You know that feeling we get when we get books to read? May they be book purchases, orders, books for review, from the library, or books won from contests, we get all giddy and excited when we get them. It’s such a high for me, as I'm sure it is for you as well. Because of this, and because we are in a book blog community, we thought it was only appropriate for us to pick First Book as one of the charities to help out for the fundraiser event that we're having.
First Book is an organization that provides new books to children in need, addressing one of the most important factors affecting literacy -- access to books. We thought this was a perfect choice, for the simple reason that we all love books and that we all agree the importance of having a book to read at an early age.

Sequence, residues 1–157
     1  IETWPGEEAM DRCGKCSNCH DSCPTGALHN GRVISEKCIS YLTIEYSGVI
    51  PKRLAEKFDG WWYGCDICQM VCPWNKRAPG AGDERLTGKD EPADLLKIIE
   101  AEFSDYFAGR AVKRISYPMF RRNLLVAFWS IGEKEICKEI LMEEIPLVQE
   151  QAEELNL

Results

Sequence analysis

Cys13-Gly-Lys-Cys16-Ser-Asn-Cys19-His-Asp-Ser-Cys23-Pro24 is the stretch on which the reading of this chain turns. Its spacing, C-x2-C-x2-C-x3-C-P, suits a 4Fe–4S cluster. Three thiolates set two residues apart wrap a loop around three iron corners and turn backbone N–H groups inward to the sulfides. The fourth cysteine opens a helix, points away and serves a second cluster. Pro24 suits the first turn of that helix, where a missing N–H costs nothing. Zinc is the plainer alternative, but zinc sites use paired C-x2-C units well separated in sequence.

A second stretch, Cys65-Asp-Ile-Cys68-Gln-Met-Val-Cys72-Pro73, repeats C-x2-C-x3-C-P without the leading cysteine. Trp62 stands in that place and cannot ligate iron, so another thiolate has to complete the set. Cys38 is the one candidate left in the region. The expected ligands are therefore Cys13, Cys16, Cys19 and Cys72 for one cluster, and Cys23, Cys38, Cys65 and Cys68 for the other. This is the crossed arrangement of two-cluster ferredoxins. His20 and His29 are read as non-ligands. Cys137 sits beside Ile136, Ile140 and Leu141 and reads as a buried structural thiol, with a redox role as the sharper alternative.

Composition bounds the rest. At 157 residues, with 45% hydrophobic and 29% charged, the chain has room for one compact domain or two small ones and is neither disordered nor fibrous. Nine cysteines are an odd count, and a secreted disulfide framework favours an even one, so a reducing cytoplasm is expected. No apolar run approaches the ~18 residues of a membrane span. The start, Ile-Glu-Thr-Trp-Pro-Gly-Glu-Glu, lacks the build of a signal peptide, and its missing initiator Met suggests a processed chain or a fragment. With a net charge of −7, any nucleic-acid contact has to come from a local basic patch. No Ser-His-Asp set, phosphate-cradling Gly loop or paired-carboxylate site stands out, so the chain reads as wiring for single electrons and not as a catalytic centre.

Growing up, I was blessed to have grandparents and parents who supported my love for reading. I learned so many things growing up that only literature could ever teach. I imagine my childhood otherwise -- without access to books. I think we all have to agree things would have been a little different. I can not speak for all of you, but I think it is safe to say that we all have been touched and inspired by them in some way.
I contacted some bloggers, and asked them the very same question I asked myself when I saw the First Book organization. How different would my childhood be without books? How important was reading when I was a kid growing up? How much of an impact did they create?
Kristi from The Story Siren states: